Hello and welcome back to MarketWatch’s Extra Credit column, a weekly look at the news through the lens of debt.
This week we’re once again digging into an obsession of mine: How we define debt or credit and the implications of that definition for businesses and consumers.
Earned wage access products have been at the center of that debate recently. These products, sometimes called on-demand pay and early wage access, allow users to receive income from their jobs before it would normally hit their bank account.
Companies offering these products generally work in one of two ways. In the first model, these companies partner with employers — including some of the biggest and most well-known — and integrate into their payroll system to provide users with money they’ve earned working for the company but haven’t yet received due to the typical biweekly pay cycle. Sometimes the service is offered for free to the employee, in many cases because the employer pays for it. In other cases, users may pay a fee.
Other earned wage access providers don’t work with employers at all. Instead they ask for access to a user’s bank account and determine how much and when an employee gets paid either through information provided by the user or other data, like how much time they spend at work based on their cell phone patterns. Based on that information, they’ll assess whether and how much money makes sense to advance to the user and provide them with the funds.
Boosters of these products say they’re disrupting the payday loan industry, using technology to find a cheaper way to provide workers who may have poor or thin credit with the funds they need, and in many cases, have already earned. But as the sector has grown into a multi-billion dollar industry over the past few years, debate has been brewing around whether these products are credit as defined by law.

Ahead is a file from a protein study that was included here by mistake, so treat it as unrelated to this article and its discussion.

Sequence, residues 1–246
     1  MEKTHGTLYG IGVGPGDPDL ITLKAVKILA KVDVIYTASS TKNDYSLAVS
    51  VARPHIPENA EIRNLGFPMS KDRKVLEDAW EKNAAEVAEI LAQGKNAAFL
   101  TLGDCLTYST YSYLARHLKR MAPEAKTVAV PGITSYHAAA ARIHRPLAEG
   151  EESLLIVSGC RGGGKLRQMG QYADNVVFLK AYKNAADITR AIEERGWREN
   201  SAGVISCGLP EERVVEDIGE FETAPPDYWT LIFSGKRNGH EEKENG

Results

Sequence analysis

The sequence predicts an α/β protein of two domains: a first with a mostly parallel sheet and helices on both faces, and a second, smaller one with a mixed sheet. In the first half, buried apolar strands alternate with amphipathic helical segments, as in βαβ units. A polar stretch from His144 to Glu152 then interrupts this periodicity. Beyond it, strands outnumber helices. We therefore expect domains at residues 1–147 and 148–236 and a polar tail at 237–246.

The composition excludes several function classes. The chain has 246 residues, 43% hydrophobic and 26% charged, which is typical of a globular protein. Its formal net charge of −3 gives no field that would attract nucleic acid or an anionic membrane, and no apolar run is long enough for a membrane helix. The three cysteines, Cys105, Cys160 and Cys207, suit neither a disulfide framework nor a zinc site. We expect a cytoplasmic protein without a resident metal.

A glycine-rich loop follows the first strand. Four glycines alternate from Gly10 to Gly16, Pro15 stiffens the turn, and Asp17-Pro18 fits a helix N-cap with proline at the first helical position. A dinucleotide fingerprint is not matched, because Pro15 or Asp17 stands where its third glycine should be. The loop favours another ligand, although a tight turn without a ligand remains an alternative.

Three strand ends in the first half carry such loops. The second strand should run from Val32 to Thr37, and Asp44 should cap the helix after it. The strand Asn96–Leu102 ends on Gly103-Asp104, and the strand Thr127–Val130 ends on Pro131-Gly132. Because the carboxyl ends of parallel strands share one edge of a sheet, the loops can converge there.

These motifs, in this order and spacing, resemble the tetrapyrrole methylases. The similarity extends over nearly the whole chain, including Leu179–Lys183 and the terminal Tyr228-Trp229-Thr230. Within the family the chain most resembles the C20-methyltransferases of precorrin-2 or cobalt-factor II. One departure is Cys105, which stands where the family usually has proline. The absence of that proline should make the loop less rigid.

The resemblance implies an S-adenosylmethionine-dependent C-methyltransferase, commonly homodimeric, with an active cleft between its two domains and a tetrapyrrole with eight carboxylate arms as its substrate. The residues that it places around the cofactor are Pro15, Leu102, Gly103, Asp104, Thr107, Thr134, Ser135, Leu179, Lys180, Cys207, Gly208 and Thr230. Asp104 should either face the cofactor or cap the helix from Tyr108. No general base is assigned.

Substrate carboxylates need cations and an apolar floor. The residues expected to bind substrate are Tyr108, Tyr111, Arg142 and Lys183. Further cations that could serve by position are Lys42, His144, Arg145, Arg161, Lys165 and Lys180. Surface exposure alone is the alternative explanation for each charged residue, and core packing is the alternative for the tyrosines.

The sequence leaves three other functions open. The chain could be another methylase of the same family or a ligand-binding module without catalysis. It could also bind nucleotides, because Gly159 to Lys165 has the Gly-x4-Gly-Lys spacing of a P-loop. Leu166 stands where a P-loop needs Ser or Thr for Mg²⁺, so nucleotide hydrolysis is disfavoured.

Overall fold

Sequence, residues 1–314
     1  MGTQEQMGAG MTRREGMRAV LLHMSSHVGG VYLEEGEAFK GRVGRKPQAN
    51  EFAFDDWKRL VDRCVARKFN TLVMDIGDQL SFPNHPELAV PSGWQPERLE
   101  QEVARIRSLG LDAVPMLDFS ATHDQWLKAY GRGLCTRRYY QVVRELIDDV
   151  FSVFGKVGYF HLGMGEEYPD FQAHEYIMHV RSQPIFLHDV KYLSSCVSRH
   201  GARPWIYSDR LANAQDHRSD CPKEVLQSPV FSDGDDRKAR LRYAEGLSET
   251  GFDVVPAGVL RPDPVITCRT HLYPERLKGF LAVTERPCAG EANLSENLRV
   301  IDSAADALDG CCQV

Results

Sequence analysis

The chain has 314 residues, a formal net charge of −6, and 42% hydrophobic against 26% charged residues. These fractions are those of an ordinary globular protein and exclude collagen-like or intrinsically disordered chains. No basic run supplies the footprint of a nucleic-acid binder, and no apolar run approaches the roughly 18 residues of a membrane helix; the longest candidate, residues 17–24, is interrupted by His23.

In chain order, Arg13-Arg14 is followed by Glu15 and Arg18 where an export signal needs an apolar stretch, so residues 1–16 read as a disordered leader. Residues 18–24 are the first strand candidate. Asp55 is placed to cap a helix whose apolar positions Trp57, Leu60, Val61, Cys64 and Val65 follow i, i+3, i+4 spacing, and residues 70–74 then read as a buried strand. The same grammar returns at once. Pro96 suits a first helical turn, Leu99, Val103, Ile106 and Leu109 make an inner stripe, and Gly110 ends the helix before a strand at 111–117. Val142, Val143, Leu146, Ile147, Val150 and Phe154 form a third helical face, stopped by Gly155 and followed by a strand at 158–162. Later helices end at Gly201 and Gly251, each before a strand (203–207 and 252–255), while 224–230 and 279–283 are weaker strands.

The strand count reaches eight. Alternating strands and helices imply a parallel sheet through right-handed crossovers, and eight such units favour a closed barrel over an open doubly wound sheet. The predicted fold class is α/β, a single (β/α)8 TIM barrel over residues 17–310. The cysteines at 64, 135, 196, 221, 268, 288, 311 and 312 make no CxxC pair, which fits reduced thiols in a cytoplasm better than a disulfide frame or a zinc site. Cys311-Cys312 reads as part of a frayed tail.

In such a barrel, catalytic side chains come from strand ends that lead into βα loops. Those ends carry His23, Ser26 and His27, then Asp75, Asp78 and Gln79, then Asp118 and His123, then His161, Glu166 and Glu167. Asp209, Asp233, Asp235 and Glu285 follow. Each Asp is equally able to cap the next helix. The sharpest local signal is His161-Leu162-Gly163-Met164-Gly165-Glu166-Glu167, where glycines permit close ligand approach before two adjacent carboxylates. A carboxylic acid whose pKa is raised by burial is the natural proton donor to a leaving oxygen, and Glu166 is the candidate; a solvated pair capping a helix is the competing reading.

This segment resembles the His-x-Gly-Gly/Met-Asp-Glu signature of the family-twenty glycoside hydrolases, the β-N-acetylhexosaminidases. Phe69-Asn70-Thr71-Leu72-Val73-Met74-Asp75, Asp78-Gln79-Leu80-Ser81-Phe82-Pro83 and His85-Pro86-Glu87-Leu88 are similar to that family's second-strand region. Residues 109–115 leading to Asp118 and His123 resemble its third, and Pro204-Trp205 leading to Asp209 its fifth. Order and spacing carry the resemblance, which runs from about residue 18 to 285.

How lawmakers and regulators come down in that debate could have major implications for the types of disclosures these types of products are required to provide and the rules, particularly surrounding discriminatory lending, that they may need to follow. It’s a question swirling around a variety of fintech products that supporters say are offering consumers a much-needed alternative to traditional financial services and consumer advocates worry are actually loans trying to avoid the regulations that come with them.
Some states are looking at this question as it relates to earned wage access products. The Consumer Financial Protection Bureau may look too.
CFPB weighed in last year
Last year, the CFPB under Kathy Kraninger, the then-director appointed during the Trump administration, issued an advisory opinion saying that earned wage access products that work through employers and that don’t charge employees to use them aren’t credit products and therefore don’t have to abide by certain lending laws. The agency also said that certain earned wage access products offered by Payactiv, a provider in the space, can operate without worry about being held liable to those lending rules.
Now, a group of consumer advocates is asking the Biden-era CFPB to reverse that decision. Earlier this month, a coalition led by the National Consumer Law Center and the Center for Responsible Lending, wrote to the agency urging officials to regulate earned wage access products as credit.